The advance of machine translation (MT) and its implications for the translation field were prominent themes discussed at the ATA conference this year, so Audra Lincoln’s presentation topic on effectively editing Japanese texts for use with these tools was well-timed! Audra (who goes by they/them pronouns) offered tips and advice to get a better translation using these tools based on their own experience as an automotive translator.
Audra explained that while MT can be an effective tool, it often produces a poor output that requires lots of post-editing. They explained how pre-editing your text can help MTs avoid errors, requiring less editing afterward. Audra classified the issues translators may encounter feeding Japanese through MT programs as either Style or Language problems. They showed how different MT applications (Google, Windows, and DeepL) translated the same text, then compared the accuracy of the results.
Style issues are things like the direction of the text, spaces, hard returns, symbols, or using katakana. Audra gave the example of 工程 さかのぼりinput vertically. The MTs could only decipher it horizontally. They also explained how MTs struggle with spaces between words, hard returns (line breaks), and symbols. The machine treats the text that comes after these as different sentences completely. Katakana can also be an issue because MTs often leave it as-is (like ナゼナゼ分析). Simplifying the format of your text can solve these errors.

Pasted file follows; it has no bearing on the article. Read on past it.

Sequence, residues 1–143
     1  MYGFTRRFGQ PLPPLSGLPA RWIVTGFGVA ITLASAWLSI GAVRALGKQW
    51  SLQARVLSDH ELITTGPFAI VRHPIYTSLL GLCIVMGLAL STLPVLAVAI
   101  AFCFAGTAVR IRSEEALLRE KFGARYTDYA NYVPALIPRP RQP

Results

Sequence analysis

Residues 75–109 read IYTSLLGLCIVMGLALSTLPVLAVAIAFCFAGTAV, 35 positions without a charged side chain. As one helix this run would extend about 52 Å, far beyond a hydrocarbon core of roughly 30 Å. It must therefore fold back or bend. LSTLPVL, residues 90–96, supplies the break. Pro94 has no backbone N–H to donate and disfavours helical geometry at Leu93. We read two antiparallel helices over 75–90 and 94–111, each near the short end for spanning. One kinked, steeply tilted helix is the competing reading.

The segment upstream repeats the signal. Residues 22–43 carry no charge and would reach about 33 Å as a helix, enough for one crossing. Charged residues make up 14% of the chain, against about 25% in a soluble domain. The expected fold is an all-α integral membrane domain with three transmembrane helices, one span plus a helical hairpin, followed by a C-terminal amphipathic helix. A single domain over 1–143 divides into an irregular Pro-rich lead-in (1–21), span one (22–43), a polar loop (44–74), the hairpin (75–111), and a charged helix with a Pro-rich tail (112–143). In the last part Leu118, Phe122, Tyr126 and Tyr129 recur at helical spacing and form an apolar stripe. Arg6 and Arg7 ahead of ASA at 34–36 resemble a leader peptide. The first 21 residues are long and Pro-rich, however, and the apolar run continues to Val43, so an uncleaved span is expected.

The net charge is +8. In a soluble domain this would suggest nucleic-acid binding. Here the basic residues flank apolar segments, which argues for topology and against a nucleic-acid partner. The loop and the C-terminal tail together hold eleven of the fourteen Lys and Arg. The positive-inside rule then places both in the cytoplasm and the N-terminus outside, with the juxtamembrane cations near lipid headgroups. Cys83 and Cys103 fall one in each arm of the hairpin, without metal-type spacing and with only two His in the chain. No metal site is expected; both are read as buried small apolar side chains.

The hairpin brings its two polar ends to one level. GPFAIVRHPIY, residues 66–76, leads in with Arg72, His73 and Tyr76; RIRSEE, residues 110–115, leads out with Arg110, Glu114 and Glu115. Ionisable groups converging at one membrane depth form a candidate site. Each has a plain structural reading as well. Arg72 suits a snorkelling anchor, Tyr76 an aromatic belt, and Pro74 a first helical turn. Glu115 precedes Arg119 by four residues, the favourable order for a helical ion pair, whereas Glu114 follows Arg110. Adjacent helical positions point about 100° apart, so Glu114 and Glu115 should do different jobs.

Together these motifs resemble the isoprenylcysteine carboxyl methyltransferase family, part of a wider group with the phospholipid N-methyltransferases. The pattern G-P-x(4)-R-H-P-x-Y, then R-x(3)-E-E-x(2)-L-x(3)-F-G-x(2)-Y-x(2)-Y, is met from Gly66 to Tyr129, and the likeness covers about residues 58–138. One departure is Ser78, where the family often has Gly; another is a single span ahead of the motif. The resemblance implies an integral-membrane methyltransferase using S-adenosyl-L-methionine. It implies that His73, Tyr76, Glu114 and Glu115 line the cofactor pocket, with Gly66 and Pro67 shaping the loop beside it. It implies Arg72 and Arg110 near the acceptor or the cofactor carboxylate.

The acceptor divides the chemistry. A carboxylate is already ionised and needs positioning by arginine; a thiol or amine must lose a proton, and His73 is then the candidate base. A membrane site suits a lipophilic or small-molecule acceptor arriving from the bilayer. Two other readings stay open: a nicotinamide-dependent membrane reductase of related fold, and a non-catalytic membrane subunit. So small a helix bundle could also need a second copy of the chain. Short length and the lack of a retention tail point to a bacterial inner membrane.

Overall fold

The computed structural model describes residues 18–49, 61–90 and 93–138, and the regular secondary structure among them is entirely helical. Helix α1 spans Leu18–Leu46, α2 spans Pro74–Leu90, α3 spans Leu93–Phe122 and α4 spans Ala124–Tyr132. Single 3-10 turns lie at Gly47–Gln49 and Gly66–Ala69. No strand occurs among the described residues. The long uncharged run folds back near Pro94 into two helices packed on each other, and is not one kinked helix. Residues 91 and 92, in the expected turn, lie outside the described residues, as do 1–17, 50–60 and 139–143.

Language issues include shortened words, grammatical number, perspective, and polysemy. Audra suggested caution using shortened words like トルコンand チョコ停, which are difficult for MTs to translate. MTs also struggle with quantities and numbers, since plurals are not always clear in Japanese. For perspective issues, MTs will not know the “who, what, when and why” of the text unless specified. This goes along with Audra’s caution about words with multiple meanings (polysemy). You may need to add more context when prepping your text for machine translation.
The key takeaway from Audra’s presentation was to “know your MT tool,” especially its strengths and weaknesses, as some will handle Japanese documents better than others. As a fellow automotive translator, I certainly appreciated Audra’s examples taken from their own work experiences and will use their advice in my own career!